Mary Daly supplied the language for a radical understanding of women in patriarchy. Some would say that Mary Ruthsdotter took the liberal route of educating people on women’s history, although I consider that radical in its own way.
Echidne wrote wrote about Mary Daly last week after her death. Later, I got an email from Edie Daly, who sent the following to her friends. (I'm using it with her permission.) Edie was not a blood relative, but there was a relation.
As we all age and deepen in our knowledge and wisdom, we think about those who directed our feet into paths we decided to follow. Mary Daly is one of those hags that directed my path to feminist thought and ethical action. It was her way with words, her Wicidary that made me think of my own language and the ways I choose to speak. Patriarchy is so much a part of our lives directed by our speech. Revolting Hag is what I am. Mary Daly gave me the words to re-shape my life. From Spelling, as in Casting of Spells, to uncovering and understanding all those oppressive words that we had integrated into our own self-doubt and internalized oppression. Words like Hag, Spinster, Crone, Heathen, Witch, are words that have immense power and energy. Words that we have now woven into the everyday fabric of our Be-Dazzling lives. She encouraged us to see what words are made of. How dis-ease, dis-cover, dis-closing, are constructed to do patriarchy's bidding.Feminism doesn’t rely on a few prominent women, no matter how inspiring. It is the work of many people, such as Edie, pictured above.
In 1981, Edie opened a women's bookstore in Madeira Beach, Fla., and then co-founded a lesbian feminist organization called Women's Energy Bank (WEB), which held monthly salons for women for 24 years and produces a publication called Womyn's Words. In 2006, she donated WEB papers to the University of South Florida for its new collection of Florida Women’s History and LGBT History. Please read more about her life at that link. For the past five years, she has facilitated weekend workshops on Alternatives to Violence with women at a federal prison.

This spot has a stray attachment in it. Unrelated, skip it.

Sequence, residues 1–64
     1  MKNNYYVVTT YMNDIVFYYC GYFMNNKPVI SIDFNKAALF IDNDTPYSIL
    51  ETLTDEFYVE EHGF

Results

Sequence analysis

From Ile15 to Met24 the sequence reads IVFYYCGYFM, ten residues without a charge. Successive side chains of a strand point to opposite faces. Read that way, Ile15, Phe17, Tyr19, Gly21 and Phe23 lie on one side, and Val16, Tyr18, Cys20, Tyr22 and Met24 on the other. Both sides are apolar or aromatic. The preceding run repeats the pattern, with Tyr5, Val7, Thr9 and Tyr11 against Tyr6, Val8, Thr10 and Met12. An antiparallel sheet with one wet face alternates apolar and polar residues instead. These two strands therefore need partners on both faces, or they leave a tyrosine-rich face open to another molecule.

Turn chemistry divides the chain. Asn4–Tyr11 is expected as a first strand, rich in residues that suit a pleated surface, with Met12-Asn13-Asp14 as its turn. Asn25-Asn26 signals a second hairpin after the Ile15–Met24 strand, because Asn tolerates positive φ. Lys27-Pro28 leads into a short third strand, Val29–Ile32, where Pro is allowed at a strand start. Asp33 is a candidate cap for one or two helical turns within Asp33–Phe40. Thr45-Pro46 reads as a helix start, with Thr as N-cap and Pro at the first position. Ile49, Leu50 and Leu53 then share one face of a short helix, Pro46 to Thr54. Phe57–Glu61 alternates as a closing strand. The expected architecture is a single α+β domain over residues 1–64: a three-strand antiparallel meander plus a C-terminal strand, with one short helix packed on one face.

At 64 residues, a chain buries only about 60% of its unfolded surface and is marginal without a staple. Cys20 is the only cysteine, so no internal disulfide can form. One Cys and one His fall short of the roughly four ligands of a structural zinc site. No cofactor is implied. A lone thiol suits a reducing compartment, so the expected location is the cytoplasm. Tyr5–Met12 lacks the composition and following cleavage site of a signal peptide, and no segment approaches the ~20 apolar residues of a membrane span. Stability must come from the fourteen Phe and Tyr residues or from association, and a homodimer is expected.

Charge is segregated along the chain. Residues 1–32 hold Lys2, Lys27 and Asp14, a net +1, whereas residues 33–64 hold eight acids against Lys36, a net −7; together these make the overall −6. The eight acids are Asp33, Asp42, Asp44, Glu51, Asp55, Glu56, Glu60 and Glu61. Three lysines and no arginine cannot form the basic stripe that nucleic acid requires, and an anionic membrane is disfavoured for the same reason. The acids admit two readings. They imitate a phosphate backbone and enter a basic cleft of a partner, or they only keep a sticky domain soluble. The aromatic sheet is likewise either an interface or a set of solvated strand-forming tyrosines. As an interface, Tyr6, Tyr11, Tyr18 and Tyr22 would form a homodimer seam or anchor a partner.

To that same history collection, I donated papers relating to the treatment of women at the Tampa Tribune and the coverage of women in the community. Some day, someone may be interested that a publisher at a major newspaper in the 1990s would still ask female reporters to stand up and twirl around so that he could see their outfits.
This week, I heard from another friend, Doris Weatherford, who “has been publishing books on women's history for twenty years.” I highly recommend them, but more important, she has won praise from Hillary Clinton.
Doris emailed to tell me that Mary Ruthsdotter had died. Mary had lived in Sebastopol, Calif., where she and her husband helped found a cohousing community. Recently, she had been supporting the National Women’s History Museum.
Mary was a founder of the National Women’s History Project, and you can read the history of her own life on that site as well as in her obituary. Her photo is on the right. She and the other NWHP founders persuaded Ronald Reagan to declare March as National Women’s History Month. In my career, I found that designation greatly helpful when I was trying to sneak some women’s history into the newspaper.
Women's history comforts me. I see how one woman influences many. When one dies, I know others will continue.